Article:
- Align Objectives for Great Results – 2016 International Team Excellence Award Finalist, “Complaint Busters” team, was awarded bronze-level status. Ivana Castro, Six Sigma Black Belt, Telefónica Argentina, and her colleagues wanted their project to align with the priorities of the company’s strategic plan. In this interview, Castro describes the project and their objective of reducing billing complaints by 50%..
- Corrective and Preventive Action and Knowing the Difference – In this episode of ASQTV, we examine nonconformance, corrective and preventive action, and how each are essential to mistake proofing our companies.
- Don’t Confuse Nonconformance, Corrective, and Preventive Actions – There are important differences between nonconformance, corrective, and preventive actions and the steps for each process.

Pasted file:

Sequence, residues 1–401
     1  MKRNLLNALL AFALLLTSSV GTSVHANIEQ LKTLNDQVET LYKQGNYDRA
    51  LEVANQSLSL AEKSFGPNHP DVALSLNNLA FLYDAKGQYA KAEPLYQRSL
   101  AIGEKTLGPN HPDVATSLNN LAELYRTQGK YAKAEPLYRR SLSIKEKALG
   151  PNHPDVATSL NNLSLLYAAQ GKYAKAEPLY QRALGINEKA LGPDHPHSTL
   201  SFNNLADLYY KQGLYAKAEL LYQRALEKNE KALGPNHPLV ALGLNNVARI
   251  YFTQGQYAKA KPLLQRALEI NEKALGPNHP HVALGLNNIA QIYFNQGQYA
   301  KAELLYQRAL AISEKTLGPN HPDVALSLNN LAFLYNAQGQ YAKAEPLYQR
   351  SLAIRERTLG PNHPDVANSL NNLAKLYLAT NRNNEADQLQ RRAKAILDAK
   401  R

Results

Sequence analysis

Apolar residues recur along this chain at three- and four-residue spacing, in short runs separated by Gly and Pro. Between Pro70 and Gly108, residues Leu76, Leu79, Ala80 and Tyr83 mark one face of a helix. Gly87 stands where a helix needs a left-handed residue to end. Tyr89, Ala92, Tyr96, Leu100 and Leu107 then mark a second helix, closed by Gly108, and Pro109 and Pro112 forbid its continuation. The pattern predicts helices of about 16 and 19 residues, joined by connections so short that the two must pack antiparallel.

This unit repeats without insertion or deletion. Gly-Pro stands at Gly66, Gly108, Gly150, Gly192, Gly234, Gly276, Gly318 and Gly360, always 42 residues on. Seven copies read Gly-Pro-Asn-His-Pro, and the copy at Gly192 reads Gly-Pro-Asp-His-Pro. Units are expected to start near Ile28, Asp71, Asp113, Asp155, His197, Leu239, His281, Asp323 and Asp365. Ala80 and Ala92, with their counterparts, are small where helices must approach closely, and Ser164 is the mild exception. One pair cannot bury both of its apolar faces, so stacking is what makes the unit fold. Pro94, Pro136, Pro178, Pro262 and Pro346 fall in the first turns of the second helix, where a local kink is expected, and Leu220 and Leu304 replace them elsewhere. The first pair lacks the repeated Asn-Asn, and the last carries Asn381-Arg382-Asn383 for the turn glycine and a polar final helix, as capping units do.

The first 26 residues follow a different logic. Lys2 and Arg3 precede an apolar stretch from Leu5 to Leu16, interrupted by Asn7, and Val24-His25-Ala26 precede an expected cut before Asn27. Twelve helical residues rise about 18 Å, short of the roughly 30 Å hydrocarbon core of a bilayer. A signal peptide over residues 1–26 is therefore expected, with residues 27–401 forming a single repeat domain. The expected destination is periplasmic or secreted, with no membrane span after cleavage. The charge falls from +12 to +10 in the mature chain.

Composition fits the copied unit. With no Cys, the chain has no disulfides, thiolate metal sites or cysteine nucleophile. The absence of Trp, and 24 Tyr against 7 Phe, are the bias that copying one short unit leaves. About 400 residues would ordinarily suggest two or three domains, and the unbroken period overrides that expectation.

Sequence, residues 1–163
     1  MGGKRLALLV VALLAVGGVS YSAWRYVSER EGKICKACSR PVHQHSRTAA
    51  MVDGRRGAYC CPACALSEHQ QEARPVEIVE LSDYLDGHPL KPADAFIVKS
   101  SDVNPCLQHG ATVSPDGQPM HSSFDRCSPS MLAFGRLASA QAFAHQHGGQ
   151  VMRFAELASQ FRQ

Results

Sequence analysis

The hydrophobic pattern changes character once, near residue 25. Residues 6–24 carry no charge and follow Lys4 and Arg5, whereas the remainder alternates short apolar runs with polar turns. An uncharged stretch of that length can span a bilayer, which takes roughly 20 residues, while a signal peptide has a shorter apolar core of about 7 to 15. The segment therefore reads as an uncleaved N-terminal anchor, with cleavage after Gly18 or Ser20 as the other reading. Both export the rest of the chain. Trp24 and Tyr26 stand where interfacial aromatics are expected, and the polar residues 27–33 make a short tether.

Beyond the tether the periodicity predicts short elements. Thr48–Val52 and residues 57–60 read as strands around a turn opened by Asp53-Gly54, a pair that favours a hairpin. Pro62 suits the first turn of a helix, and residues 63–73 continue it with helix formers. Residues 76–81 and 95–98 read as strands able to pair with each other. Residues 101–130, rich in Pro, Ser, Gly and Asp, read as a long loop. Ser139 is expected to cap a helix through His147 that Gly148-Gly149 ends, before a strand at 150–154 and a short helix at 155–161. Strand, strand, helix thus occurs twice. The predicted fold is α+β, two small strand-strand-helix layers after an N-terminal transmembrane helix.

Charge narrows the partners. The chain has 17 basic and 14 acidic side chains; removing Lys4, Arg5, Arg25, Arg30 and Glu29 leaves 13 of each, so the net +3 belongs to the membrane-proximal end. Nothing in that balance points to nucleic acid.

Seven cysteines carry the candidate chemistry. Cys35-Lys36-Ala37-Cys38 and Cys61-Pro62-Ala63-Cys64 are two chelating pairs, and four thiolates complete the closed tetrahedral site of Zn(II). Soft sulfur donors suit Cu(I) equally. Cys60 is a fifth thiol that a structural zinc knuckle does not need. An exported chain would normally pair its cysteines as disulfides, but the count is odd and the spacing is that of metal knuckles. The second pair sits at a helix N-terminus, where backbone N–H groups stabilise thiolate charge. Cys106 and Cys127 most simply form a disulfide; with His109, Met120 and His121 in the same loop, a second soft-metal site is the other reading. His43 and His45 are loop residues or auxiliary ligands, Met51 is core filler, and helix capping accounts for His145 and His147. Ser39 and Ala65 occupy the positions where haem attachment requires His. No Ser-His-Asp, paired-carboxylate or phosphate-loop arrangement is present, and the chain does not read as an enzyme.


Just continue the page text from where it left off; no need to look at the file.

Jim L. Smith’s Jim’s Gems for the month of February,2017:
Solving Problems Effectively: Resolving root cause is as fundamental as ABC – Rooting out the reasons for internal and/or external failures is fundamental to customer satisfaction, cost of quality improvement, and even a matter of survival in the marketplace. The classic approach to root cause analysis of a problem is to ask why? (or why not?) a number of times. It is important to know how deep is ‘deep enough’ before probing deeper.….The focus of the investigation needs to be on the quality system. How did the system allow the problem to occur in the first place? Where is the weakness in the system? The goal is developing more system-based improvements as opposed to finding someone to blame.
I look forward to your active participation in enriching the blog carnival as we pursue our journey in exploring the happenings across quality management blogs…………
Note: The images depicted here above are through courtesy of respective websites who have the copyrights for the respective images.